The service providers had to also respond to multiple contextual issues faced by the families. Discharged and rehabilitated clients spoke about their concerns regarding absence of vocational activities and a social life at the centre. For the caregivers at home, the closure of the vocational centre and day-care led to an increased burden of care apart from intersecting issues such as job losses, pay cuts and rise in debt.
In addition, the providers faced challenges in maintaining work-life balance, and providing appropriate quality of care while implementing the adaptations. Their personal time was also affected with extended work hours, care fatigue, decreased time with the family and reduced formal and informal interaction with colleagues. There was also the perception of the risk of contracting COVID-19 during travel or patient interactions.
3 Rs of adaptation were key
The main objective of service delivery was to maintain continuity of care and at the same time minimise the risk of infection. We find that three elements of service provision were key: established relationships with communities, responsiveness to the patient needs, and resilience in ensuring continuity.
System adaptations included the use of telecommunication platforms, electronic prescriptions and the continued use of expired prescriptions as well as facility-level strategies such as isolation and liaison psychiatry for patients diagnosed with COVID-19.
Every service department – operations, pharma/clinical services and non-pharma/counselling services, worked towards a set of adaptations and tackled challenges through informal communication channels like WhatsApp groups, which proved useful for decision making, emotional support and load sharing.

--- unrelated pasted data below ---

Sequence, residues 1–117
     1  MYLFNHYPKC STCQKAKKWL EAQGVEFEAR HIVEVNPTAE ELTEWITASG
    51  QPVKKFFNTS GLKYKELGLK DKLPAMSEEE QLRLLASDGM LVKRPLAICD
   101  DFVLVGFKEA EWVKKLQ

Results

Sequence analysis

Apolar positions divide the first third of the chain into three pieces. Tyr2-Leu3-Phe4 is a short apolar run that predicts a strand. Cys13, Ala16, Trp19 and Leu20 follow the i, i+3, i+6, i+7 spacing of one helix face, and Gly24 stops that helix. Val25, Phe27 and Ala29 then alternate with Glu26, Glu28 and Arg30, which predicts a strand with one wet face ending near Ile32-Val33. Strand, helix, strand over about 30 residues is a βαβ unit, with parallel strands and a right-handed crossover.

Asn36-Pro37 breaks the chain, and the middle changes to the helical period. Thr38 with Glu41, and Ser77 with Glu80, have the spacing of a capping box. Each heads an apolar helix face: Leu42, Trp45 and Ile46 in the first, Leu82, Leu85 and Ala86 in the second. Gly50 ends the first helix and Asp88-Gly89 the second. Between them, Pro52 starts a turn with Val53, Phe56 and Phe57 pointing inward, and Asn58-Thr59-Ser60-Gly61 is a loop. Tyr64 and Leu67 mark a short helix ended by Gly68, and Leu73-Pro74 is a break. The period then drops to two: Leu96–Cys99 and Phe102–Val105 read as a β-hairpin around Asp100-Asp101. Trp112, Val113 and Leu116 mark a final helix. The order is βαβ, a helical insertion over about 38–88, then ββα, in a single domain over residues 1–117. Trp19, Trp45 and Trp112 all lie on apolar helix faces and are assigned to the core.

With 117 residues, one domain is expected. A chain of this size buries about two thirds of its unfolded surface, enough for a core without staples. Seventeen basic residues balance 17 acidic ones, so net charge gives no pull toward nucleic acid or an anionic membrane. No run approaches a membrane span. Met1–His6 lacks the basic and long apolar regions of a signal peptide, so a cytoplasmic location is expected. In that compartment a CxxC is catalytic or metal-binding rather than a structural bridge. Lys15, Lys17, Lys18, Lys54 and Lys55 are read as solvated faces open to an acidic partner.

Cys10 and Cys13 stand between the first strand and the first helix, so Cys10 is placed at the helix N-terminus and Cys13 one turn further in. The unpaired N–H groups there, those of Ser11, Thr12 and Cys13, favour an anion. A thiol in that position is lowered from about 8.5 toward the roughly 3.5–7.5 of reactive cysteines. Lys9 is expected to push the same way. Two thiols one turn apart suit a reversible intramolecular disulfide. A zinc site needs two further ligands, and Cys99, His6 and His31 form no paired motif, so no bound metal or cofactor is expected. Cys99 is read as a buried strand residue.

The operations and management adaptations were intended for the following ongoing purposes:
- Establishing standard safety protocols on the premises
- Ensuring that staff and patients had requisite documentation to travel
- Introducing a judicious rostering system that linked patients and the providers effectively, either physically or through tele-consultation, and ensuring services to a 24-hours helpline for the general public and existing patients
Safety protocols included streamlining movement of the patients, standard precautions like sanitisation, temperature checks, masks and social distancing guidelines, which were adopted early and enforced. The documents required by staff and patients for movement demanded personnel to be constantly available to authenticate to the authorities.
Lessons from the past
Lessons from past calamities such as floods, tsunami and cyclones in Tamil Nadu were found to be useful in helping adapt service delivery during the crisis. Providers’ prior experience in implementing tele-psychiatry made implementation during the pandemic somewhat easier. The importance of framing care policies and programmes for the mentally ill population within administrative and disaster planning strategies, particularly the need to integrate housing, transportation and medication for people with mental illnesses is critical. It is also important to sensitise enforcing authorities on the diverse needs of the mentally ill. Finally, it is imperative to have training programmes for health workers to build their capacity to handle isolation, infection and relocation, and similar engagement for caregivers and families.